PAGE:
History of the Irish Donkey

Irish DonkeyIreland is seen internationally as the home of the donkey; donkey or ass – both terms are correct, the origin of ‘ass’ being the Latin name Equus Asinus.

The Irish word Asal is well derived. Donkeys are generally loved here and are part of our culture but closer examination of the facts of their lineage yields interesting results.


Despite popular belief, the donkey is not a native to these shores at all but probably originated in North Africa and other parts of the Middle East. Large packs were used in Egypt in the period leading up to the building of the great Pyramids. When we see the different sizes, colours and types of donkey, we assume that they have not come from a single source. There are wild asses from both Africa and Asia. Our donkeys are most likely descended from two types;

  • The Nubian Wild Ass – of about 12hh native to the area between the Mediterranean coast and the Sahara Desert. Nubian asses have a cross but no leg stripes.
  • The Somali Wild Ass – of about 14hh from further east into the Middle East and east of the Red Sea. Somali asses have no cross but feature prominent leg stripes, almost as marked as those of the zebra.

The mixing of breeds must have occurred when donkeys were used as pack animals on the so-called Silk Road when they carried bales of silk and cartons of spices from the Orient to Western Europe. No single donkey would have been able to make the journey of thousands of miles, so cross breeding was inevitable.

In Greece they were used to work among the vines and likewise in Spain. North Africa being so close to Spain must have witnessed the cross breeding of Asian and African donkeys. There are many different species of donkey in Asia which tend to be included under the general term ‘Asiatic Wild Ass’.

Donkeys were used during the years of the Roman Empire throughout all the lands which the Romans conquered. The donkeys which were brought to England by the Romans two thousand years ago were used as pack animals. There is very little evidence of donkeys in Ireland before the seventeenth century insofar as they are not mentioned in the early literature nor are they depicted in art very much. Yet, there are depictions of donkeys on ‘The Flight into Egypt’ on some Irish High Crosses dating back to the ninth and tenth centuries’ which may be difficult to explain – where did the stone masons of old see these donkeys? Packs of donkeys were the first builders of towns and cities. They served also as the first forms of public transport and as mounts for riding they preceded horses by an estimated 500 years at least.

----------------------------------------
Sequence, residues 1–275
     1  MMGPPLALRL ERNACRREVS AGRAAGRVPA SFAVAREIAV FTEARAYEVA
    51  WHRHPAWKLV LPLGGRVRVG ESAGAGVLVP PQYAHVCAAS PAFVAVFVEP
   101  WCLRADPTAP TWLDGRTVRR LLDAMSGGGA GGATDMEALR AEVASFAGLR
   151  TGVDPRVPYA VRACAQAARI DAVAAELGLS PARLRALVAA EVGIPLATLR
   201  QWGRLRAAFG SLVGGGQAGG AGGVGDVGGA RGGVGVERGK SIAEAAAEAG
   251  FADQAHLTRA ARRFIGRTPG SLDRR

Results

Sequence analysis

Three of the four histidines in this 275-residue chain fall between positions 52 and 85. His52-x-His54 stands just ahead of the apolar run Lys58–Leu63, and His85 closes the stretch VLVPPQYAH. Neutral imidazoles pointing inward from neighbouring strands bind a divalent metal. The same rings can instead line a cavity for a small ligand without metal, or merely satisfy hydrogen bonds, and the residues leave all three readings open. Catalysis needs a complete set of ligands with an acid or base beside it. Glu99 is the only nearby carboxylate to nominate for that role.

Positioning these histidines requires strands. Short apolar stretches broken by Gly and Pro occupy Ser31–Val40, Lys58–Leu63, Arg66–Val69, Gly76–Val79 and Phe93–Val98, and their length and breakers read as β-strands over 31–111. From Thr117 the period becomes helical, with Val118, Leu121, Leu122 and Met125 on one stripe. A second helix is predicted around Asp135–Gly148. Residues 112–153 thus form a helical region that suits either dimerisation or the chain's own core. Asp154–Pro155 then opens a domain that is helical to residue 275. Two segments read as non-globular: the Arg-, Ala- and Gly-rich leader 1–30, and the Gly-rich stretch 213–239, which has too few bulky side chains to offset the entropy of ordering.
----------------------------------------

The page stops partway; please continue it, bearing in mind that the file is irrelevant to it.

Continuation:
Until about 1500 no one took much notice of donkeys in England and Wales until horses became scarce when they were needed as mounts in England’s many wars. Horses were requisitioned by the army or were seized as payment for taxes. Thus, donkeys came into prominence as general workers instead of horses.  When horses were scarce in England, the army bought up lots of Irish horses and introduced donkeys to do the farm work, both in England and in Ireland -carrying turf, milk and flax etc. so, the Irish donkey is probably an English import with a genetic background from many parts of the Orient.

In the fifteenth century, the second voyage of Christopher Columbus carried four male and two female donkeys to the New World. They were used to breed with local horses to produce mules that would constitute good strong workers for the conquerors’ expeditions into the American mainland. In the late 19th century there was a huge increase in donkey numbers who worked in the mining industries of the Gold Rush.

In 1897 there were 247,000 donkeys in Ireland, many if not most of them, working on farms and in villages. After World War 1, horses were no longer needed for war and so they became plentiful again for working on the farm and donkeys were no longer needed.


By 1960s the donkey in England and Wales was totally neglected except for those few who worked on beaches in Summer giving rides to children. Then something amazing happened!  Hundreds of donkeys were imported from Ireland to act as companions/pets and not to work. Thus, after thousands of years the donkey gained a new status as riding animal, show entry, carriage-driver etc

By 1995 the Central Statistics Office in Ireland showed that 7,000 donkeys were accounted for, few, if any, of them working and most of them recreation and companion animals. Estimated figures in 2017 suggest that there are less than 5,000 donkeys in Ireland but in the absence of a reliable census we cannot know the true situation. As a pet, the donkey is much more at risk in recessionary times than is a working animal. Cruelty by neglect is now a sad factor in the life of the donkey.


1847 118,000
1897 247,000
1947 128,000
1995 7,000